Blogging and Search as Mainstream Media

ML Jan 28, 2006

That last entry just shows you the difficulty of separating work and personal on an endeavor like this. It’s going to be all-consuming for awhile. Balancing it with personal life isn’t (right now) about balancing it with rich social activity. It’s more about balancing it with keeping the apartment clean and paying the bills. I will be constantly working to make HitTail publicly launchable in under 2 months.

Connie told me I can bring in whatever help I need to get this done. But even just explaining what I have in mind adds too much overhead to the project—especially in light of what agile development methodology makes possible. Agile and Web 2.0 go hand in hand perfectly, with their bad-boy, contrarian approaches. It’s a thin line—the separation between Agility and hacking and Web 2.0 and un-professionalism. The difference being that the big down-sides are removed. Agility provides hacking that has long-term scalability and manageability. Web 2.0 provides parts that can be glued together so single people can TRULY write apps that even better than what used to take large teams. The two big enterprise frameworks promised to do this: .NET and JR2EE. And I tried both. Problem being, from my standpoint, the lack of agility. Consequently, my decision for now to stick with VBScript, and for later to go to Ruby on Rails.

Not every journal entry like this should become a post right away. In order to keep even the thought work of separating and designing posts out of the picture, I’m going to run with a stream of consciousness entry like this throughout the day, when I can. Little chisel-strike posts on programming concepts will probably go into the CMS/baby-step tutorials throughout the day. This entry will be to process thoughts and keep me on track.

This project is acquiring the momentum that it needs. I have had difficulty drowning out the thoughts related to my previous employer because the nature of the work there got so devastatingly interesting. What I did there was take a bunch of apathetic slackers who knew that the investor gravy train would never run out, and made them care about sales. Metaphorically, I both led the horse to water AND forced it to drink. The details could constitute a book, suffice to say it involved generating the opportunity through search hits, capturing the contact data, and attempting to force follow-up through business systems. The company busily occupied itself with documenting the fact that they were not interested in making sales, creating an untenable situation that culminated in, what I feel, was an attack on my career. This took the guise of a battle over resources. By the time the dust settled, I was left standing and new leadership took over who was sympathetic to my cause.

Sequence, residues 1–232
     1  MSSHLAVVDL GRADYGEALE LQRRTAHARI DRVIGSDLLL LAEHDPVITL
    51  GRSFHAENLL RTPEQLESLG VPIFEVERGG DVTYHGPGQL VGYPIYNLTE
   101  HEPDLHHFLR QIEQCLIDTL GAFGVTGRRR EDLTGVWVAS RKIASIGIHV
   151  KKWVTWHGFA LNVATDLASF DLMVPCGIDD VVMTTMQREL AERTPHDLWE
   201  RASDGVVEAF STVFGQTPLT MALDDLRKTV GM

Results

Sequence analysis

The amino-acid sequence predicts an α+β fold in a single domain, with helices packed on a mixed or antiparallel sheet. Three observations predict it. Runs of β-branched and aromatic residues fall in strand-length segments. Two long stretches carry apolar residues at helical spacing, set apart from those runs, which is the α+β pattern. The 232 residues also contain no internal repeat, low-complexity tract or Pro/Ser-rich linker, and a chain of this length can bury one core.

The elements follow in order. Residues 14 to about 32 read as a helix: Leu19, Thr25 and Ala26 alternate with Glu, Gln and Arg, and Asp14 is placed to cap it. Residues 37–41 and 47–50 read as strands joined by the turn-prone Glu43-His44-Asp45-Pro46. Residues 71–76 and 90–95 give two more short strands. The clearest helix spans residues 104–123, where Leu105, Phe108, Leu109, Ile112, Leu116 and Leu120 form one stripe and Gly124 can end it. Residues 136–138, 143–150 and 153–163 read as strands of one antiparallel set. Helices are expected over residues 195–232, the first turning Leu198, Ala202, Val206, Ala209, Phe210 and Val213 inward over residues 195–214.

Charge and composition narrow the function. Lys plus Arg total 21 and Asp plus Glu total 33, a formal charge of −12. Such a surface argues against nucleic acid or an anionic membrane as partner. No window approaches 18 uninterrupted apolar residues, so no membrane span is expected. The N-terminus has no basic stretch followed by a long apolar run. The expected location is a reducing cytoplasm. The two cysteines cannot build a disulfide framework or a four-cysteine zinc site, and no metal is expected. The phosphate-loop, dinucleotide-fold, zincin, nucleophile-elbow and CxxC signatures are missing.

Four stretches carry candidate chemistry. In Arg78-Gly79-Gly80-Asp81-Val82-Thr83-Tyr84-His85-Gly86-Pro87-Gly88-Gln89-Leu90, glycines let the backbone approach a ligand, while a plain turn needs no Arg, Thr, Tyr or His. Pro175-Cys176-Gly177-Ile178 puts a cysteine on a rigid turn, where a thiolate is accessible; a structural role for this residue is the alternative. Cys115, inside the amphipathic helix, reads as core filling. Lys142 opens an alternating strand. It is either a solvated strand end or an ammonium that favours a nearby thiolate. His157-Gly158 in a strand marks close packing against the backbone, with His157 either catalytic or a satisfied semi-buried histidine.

I have since moved on to greener pastures, but this dramatic experience flits into my mind on a regular basis even now, because there’s nothing even more interesting yet to replace it. I need a very big challenge that exercises my mind as opposed to my time-management and juggling skills (key aspects of the agency environment). HitTail needs to become that challenge. It needs many similar aspects of what I did at my last place. But whereas that place had a downloadable product that fueled the machine, the field of public relations is very undifferentiated—even if it is a leading NYC PR firm.

So, two things are changing everything. They’re both Web-based. The first is search engines. How many things since TV, phone, car and email have changed the way we relate to the world around us? How many times a day do you turn to a search engine for answers? Second, is blogging. Yes, the Web had tremendous impact. But blogging gave individuals equal voices to large, well funded corporations. Because something individuals had suddenly became made them rival large corporate budgets in terms of influence. That is the ability to publish quickly, without bureaucracy, without friction, and without editing. Coupled with search engines, individuals who would previously have fired off letters, fired off posts.

But this huge vocal advantage is not reserved for angry letter-writers. Mainstream media people are equally embracing this phenomenon. But more interesting than the companies who are forced into having a “corporate blogging strategy” are the individual journalists and thought-leaders who run their own rouge blogs independent of their employers. You will sometimes hear of these folks, who once spoke FOR the mainstream media AS the mainstream media. Yes, their opinions may be used on their TV broadcasts and editorial columns, but you will often hear the thoughts formulating, and in a more candid fashion directly on their sites.

HitTail is about leveraging these two big changes: the power of search, and the power of rapid, friction-free publishing. While HitTail doesn’t rely on blogging in particular, it does rely on developing the habits it takes to publish frequently, and publish well. In fact, I will be splitting it into two pieces: best practices for SEO, and best practices for publishing. I’m tempted to say best practice for “content”. But publishing, I think, gets to the heart of it. It’s about pushing out purposeful new material due to how it improves the quality of your site, and the site’s ability to pull in qualified search traffic.

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